I once had a student attempt a cultural analysis of Bat Ayin. Here we have a sociological article on the topic. Her example of dredlock peyot in a good catch,but I wish there the article had a thicker description, in the Geertz sense.
Joanna Steinhardt, American Neo-Hasids in the Land of Israel Nova Religio: The Journal of Alternative and Emergent Religions, Volume 13, Issue 4, (2010) pages 22–42,
Some wore a blend of Eastern-style clothes, such as Thai fisherman pants, open-collared Indian shirts and embroidered vests; others wore baggy pants and T-shirts like any other American youth. The women wore long flowing skirts and dresses, multilayered over loose pants, with colorful tunics, scarves and shawls. The young Americans were demonstrative in their piety, uninhibited and enthusiastic in their adherence to Jewish law, and youthful and informal in their behavior.
At parties they sat on the floor in a circle playing acoustic guitars and drums, singing Hasidic songs, drinking and smoking…Their speech was interspersed with Yiddish exclamations—Mamesh! Gevaltic!—that took some time for me to decode.
These young people seemed to embody a unique variation on mystical religious Zionism, which mingled American counterculture with a primordial philosophy of the Jewish people’s tie to their ethnic-spiritual homeland, the Land of Israel (Eretz Yisrael).
In my fieldwork, I sought to understand better how American countercultural discourse provides an ideological bridge to Zionist Orthodox Judaism. In this case, I found that the countercultural discourse, with its particular construction of “spirituality,” disrupted the familiar right-left political continuum in Israel by exhibiting both progressive and reactionary political features.
My fieldwork began with in-depth interviews in 2005 and 2006 of students at Yeshivat Chesed V’emet (CV), located twenty minutes outside Jerusalem in the settlement of Bat Ayin… Although Gush Etzion is known for its suburban atmosphere, Bat Ayin is more akin to the extremist settlements deeper in the West Bank. Yitzchak Ginsburgh helped found the settlement with his students—a mix of American and Russian immigrants and native Israelis, the majority ba’alei teshuvah—in 1989.
When I told secular Israelis that I was interviewing people in Bat Ayin, their immediate association was the story of the Bat Ayin cell.
Beyond this public association with political violence, the culture and policy of the settlement reflect extremist attitudes in relation to the Palestinian Arab population and the claimed right of the Jewish people to the biblical land of Israel. Bat Ayin has long maintained a ban on Arabs working in the community and, more recently, a total ban on Arabs in the community for any reason. While this antagonism is indicative of settlers’ attitudes in general, Bat Ayin is extreme in its relatively lawless militancy.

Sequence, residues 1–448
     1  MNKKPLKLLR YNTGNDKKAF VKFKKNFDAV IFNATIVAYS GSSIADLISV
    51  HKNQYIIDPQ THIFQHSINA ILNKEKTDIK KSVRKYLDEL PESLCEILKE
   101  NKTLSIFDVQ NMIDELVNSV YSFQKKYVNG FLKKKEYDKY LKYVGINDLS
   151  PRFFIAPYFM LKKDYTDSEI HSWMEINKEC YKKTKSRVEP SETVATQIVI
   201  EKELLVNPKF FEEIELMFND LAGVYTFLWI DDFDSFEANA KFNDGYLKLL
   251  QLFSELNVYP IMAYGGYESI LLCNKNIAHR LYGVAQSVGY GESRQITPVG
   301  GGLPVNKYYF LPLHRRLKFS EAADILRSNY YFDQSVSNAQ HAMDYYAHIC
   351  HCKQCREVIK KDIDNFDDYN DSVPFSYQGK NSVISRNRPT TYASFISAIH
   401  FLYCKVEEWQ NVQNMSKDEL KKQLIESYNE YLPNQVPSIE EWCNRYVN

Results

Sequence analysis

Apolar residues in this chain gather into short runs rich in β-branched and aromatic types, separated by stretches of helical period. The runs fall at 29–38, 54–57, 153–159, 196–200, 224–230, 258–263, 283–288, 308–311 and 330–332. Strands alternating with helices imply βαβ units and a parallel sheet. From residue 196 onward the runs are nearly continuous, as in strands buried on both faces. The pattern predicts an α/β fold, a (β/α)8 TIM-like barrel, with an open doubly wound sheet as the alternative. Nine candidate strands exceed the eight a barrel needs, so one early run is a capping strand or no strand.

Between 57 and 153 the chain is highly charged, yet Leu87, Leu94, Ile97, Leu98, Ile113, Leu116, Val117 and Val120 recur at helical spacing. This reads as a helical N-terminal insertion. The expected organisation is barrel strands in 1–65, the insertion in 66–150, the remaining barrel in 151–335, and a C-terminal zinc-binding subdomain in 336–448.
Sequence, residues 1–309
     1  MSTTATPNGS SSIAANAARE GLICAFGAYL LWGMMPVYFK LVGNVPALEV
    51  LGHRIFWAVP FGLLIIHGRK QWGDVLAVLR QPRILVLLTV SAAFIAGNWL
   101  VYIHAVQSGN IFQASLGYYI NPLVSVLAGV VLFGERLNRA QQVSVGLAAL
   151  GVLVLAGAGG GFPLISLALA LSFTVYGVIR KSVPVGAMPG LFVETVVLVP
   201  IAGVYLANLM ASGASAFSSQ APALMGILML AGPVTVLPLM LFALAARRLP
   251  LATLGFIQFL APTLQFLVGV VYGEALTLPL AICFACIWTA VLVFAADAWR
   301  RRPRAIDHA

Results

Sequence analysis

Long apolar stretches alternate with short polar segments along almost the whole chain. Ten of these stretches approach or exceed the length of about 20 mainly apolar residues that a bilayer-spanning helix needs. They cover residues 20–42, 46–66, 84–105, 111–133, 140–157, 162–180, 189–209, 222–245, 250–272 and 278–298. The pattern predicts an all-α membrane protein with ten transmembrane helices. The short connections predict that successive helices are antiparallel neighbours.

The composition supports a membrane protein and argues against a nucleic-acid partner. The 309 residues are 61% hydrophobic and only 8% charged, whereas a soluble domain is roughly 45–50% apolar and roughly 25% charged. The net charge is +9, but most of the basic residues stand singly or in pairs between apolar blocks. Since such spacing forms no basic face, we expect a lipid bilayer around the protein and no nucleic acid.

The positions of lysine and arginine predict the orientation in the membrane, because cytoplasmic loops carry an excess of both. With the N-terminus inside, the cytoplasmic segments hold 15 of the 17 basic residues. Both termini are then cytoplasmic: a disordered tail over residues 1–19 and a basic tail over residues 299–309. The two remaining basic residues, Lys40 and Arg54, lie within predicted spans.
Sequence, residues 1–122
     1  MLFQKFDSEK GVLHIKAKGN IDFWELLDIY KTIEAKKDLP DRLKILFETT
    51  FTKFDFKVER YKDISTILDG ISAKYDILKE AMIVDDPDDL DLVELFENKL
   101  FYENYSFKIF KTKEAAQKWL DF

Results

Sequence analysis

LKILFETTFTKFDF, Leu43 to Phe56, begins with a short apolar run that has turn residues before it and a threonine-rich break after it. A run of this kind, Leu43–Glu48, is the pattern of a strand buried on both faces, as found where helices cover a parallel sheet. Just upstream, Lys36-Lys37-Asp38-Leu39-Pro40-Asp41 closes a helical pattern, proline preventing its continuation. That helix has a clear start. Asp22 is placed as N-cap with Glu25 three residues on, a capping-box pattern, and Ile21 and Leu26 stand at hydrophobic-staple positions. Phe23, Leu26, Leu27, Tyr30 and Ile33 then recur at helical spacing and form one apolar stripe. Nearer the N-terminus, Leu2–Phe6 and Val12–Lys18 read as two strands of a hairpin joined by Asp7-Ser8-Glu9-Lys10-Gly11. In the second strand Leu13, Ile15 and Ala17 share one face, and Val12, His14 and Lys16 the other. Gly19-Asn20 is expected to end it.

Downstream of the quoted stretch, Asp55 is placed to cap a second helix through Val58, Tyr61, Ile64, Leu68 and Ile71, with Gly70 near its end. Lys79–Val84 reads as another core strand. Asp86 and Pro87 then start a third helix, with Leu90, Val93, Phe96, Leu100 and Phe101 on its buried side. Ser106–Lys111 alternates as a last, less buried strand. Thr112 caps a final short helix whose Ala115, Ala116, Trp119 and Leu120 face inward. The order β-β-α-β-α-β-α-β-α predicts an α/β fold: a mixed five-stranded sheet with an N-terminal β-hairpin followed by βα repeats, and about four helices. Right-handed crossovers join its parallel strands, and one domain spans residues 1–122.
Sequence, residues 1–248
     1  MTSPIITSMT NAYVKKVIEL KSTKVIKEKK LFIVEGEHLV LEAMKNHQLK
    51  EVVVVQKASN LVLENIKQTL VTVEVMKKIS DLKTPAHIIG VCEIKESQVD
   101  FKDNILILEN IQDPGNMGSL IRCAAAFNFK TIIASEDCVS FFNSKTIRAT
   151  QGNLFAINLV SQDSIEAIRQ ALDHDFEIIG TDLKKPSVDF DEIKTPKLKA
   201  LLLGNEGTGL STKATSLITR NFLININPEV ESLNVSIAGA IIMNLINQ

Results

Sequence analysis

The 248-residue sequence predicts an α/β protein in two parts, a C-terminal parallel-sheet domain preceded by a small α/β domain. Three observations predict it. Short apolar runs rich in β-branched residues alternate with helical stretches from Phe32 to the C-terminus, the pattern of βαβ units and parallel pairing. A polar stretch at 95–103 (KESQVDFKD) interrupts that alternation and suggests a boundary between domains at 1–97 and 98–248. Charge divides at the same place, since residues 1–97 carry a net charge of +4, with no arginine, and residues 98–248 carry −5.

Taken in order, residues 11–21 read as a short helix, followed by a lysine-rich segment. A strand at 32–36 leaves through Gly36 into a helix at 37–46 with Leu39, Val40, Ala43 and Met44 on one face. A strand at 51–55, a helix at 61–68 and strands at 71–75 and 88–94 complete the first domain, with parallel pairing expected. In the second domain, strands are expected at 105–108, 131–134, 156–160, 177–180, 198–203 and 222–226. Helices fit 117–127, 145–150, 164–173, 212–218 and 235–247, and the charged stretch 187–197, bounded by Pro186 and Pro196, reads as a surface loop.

I was told that the surrounding Arab villagers refer to the Bat Ayin settlers as “the crazies.” As many students noted, the proximity to “nature” was a key ingredient in their positive experience at the yeshiva. In a similar vein, the simple and rugged lifestyle is conducive to introspection. On a more complex level, I sense that the political extremism and marginalization of the settlement also appeal to these yeshiva students, but only to the degree that these qualities reflect the values of anarchism, radicalism, and self-sufficiency and an underlying mystical vision—even though the same students may be uncomfortable with the racism or violence that results from these same values and ideas.
At first I dressed in T-shirts and skirts that hit below the knee (a typical Modern Orthodox look), but I noticed that some of these interviews had the subtle atmosphere of a date coordinated by a matchmaker for religious singles. In the next few interviews, I wore jeans and found that the date atmosphere quickly dissipated.
Since I was interested in the reach and influence of CV, Yeshivat Shirat HaTorah (ST) was a logical extension of my research.
For example, students cited 1960s counterculture books, authors and iconic figures, such as Carlos Castaneda’s The Teachings of Don Juan (1968) and Aldous Huxley’s Brave New World (1932), as well as writings by Timothy Leary, the Beat poets, William Blake and others. Independently of each other, four CV students cited Ken Kesey as an influential figure in their youth. “Read that book,” said Aharon, referring to The Electric Kool-Aid Acid Test (1968), Tom Wolfe’s journalistic account of Kesey and his LSD-dropping crew, the Merry Pranksters…
Nearly every interviewee had been part of the countercultural milieu that includes subcultural successors to the 1960s hippie movement—Rainbow Gatherings, Grateful Dead and Phish concerts, raves, radical environmentalism, Neopaganism, anti-globalization activism, and other youth subcultures. Students from this milieu shared a particular construction of spirituality associated with the New Age movement and an antagonism toward mainstream society.
Yonatan cut off his dreadlocks but left two above his ears as peot hanging down to his chest in long s-shaped curves under his knit kippa. In this way, CV and ST students created a syncretistic material culture linking countercultural styles with innovative religious ones.
American Neo- Hasidism in Israel, as practiced at Chesed V’Emet and Shirat HaTorah, is a syncretistic revival of traditional Judaism that uses American countercultural expressions to give meaning to Jewish practice and identity.